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1837 REBELLION: A TOUR OF TORONTO AND NEARBY PLACES

Frank, Mark
Toronto, Red Robin Press, 1993. 75pp, paper, $7.95, ISBN 0-969148-1-7.
Distributed by Red Robin Press, 24 Shields Ave., Toronto, Ont. M5N2K2, CIP


Grades 6 and up/Ages 11 and up

Reviewed by Patricia Cooper

Volume 21 Number 6
1993 November


Mark Frank is a Toronto resident with a long-time love of history. He is particularly interested in the development of democracy in Canada. He is also the author of The Mackenzie Panels about William Lyon Mackenzie.

History buffs of all ages will find this pocket-sized guide (4 3/8 x 7 in.) to the landmarks, sites and monuments relating to the 1837 rebellion informative and entertaining. Frank packs a wealth of detail into seven tours of Toronto and places as far away as Kingston and Prescott. Some of the tours are walking tours, but others require a car.

Each tour is accompanied by a well-labeled map followed by a succinct description of each site, whether it is marked or unmarked, and, where appropriate, its significance. Frank has included many little-known historic sites. He tells brief stories of the leaders members of the Assembly, farmers and tradesmen who were involved in the movement for reform that culminated in the 1837 rebellion.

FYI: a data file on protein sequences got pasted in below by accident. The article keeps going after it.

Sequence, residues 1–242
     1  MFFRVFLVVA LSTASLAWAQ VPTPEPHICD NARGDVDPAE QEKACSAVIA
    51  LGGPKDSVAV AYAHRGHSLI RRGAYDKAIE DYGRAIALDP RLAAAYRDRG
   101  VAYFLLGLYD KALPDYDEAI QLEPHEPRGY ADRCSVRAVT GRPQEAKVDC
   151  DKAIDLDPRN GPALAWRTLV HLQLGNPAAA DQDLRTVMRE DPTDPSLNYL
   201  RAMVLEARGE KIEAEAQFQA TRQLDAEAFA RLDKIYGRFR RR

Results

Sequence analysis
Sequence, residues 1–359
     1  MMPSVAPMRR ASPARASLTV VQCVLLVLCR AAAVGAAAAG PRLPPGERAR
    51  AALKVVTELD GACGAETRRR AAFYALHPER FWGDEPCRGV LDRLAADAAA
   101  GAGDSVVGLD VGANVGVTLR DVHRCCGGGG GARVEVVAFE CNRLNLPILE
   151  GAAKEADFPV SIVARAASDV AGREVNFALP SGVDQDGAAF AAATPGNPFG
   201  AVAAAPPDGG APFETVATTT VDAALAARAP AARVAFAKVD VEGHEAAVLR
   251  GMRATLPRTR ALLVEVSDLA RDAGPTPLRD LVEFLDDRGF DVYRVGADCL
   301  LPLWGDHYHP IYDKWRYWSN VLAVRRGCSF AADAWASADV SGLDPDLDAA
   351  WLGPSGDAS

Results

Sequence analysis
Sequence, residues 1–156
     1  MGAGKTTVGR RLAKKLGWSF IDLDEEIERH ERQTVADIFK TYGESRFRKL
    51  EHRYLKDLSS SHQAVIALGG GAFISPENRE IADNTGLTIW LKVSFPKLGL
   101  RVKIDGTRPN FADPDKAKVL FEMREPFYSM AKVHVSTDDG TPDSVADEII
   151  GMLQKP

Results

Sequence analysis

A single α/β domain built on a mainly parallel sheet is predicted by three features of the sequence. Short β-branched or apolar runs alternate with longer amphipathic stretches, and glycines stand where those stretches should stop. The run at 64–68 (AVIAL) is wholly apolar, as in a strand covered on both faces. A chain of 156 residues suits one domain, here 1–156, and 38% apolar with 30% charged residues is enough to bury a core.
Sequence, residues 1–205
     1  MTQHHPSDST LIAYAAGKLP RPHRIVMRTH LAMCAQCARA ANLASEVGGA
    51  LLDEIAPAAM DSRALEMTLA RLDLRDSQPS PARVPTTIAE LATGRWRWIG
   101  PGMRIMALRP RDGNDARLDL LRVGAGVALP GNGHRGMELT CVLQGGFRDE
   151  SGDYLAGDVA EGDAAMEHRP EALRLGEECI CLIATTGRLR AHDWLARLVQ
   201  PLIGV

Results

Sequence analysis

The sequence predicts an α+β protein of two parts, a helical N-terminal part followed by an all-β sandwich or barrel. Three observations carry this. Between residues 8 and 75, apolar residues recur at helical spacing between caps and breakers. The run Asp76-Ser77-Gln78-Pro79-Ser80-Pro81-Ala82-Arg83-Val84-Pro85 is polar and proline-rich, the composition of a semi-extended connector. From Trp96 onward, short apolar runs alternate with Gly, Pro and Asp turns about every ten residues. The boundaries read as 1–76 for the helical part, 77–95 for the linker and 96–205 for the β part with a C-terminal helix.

There are some cross-references between entries, but there is unfortunately no index. The tours are arranged geographically from sites in Toronto to those outside Toronto. They are also arranged in loose chronological order, from landmarks and monuments of overall significance to those connected more closely to the events leading up to and following the rebellion.

Since this guidebook is meant to be carried with one on the tour, there are only three sketches of original buildings accompanying the text. Unfortunately, Toronto has changed since 1837, and visitors will often have difficulty picturing many of the sites as they once were. I would have liked to have had additional information on some of the sites: for example, the Red Lion Inn, an unmarked site, was located at what is now Britnell's Bookstore, but the write-up does not say if Britnell's is in the original inn, or how much, if any, renovation has been done.

Following the tours is a brief historical background to and chronology of the events of the rebellion and its aftermath. For those who want more information Frank includes a list of sources.

Recommended for all those interested in the history of Toronto and in the struggle for democratic government in Canada, this guidebook offers a fresh perspective on our heritage.


Patricia Cooper is a children's librarian with the Brampton Public Library in Brampton, Ontario
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